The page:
(WSYR-TV) — We are in the middle of National Teen Driver Safety Week and the National Road Safety Foundation reminds parents that this is a good time to have a conversation with teens about safe driving habits. Motor vehicle crashes are a leading cause of death for teens in the United States.

Among The Key Issues That Deserve Parental Discussion Are:

1. Impaired Driving: While teens are too young to legally consume alcohol, nationally 19% of teen passenger vehicle drivers involved in fatal crashes in 2021 had alcohol in their system. Marijuana also affects a driver’s ability to react to their surroundings. Remind teens that driving under the influence of any impairing substance — including many prescription drugs or over-the-counter medication — can have deadly consequences.

2. Seat Belts: Wearing a seat belt is a simple way teens can stay safer in a vehicle. Yet too many teens aren’t buckling up. More than half (51%) of the teen drivers who died in crashes in 2021 were unbuckled. Parents should encourage their teens to be firm and confirm that everyone is buckled before the vehicle moves.

3. Distracted Driving: According to the most recent data, in 2021, among teen drivers involved in fatal crashes, 7% were reported as distracted at the time of the crash. Cell phone use while driving is more than just risky — it can be deadly. Texting while driving is outlawed in 49 states, Washington DC, and Puerto Rico. Distracted driving isn’t limited to cell phone use. Other passengers, audio and climate controls in the vehicle, and eating or drinking while driving can be dangerous distractions for any driver.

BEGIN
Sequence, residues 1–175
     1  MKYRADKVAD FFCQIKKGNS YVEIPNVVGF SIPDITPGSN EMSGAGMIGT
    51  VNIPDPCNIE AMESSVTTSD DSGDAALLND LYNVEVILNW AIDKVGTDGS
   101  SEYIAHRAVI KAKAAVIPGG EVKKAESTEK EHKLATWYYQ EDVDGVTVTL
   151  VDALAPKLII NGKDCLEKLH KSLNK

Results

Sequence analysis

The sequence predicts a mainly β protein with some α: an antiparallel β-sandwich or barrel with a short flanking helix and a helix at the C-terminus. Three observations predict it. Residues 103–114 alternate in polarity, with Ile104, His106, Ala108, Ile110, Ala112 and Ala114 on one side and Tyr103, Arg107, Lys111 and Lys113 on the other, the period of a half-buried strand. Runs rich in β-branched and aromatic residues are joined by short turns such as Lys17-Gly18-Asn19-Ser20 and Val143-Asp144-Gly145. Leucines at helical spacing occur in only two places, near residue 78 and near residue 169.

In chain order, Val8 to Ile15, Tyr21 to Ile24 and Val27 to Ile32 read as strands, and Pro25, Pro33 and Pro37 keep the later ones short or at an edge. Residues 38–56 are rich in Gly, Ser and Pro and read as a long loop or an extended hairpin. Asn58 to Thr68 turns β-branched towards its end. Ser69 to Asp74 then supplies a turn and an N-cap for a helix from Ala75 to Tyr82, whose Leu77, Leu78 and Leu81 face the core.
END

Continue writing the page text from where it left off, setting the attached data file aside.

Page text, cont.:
4. Speed: Speeding is a critical issue for all drivers, but it’s especially deadly for teens with less experience. In 2021, almost one-third (32%) of all teen drivers of passenger vehicles involved in fatal crashes were speeding at the time of the crash. Data shows that males were more likely to be involved in fatal speeding-related crashes than females. Remind teens to always drive within the speed limit.

5. Passengers: Passengers in a teen’s vehicle can lead to disastrous consequences. Research shows the risk of a fatal crash dramatically increases in direct relation to the number of passengers in a vehicle. The likelihood that a teen driver will engage in risky behavior triples when multiple passengers are in the same vehicle.

Surveys show that teens whose parents have discussions on safe driving behavior and set firm rules are typically engaged in less risky driving behaviors and were involved in fewer crashes.

The National Road Safety Foundation offers tips for talks with teens in its Passport to Safe Driving, available free online at  https://www.nrsf.org/spread-word.

NHTSA also has detailed information and statistics on teen driving, and outlines tips parents can use to address teen driver safety risks at www.nhtsa.gov/road-safety/teen-driving.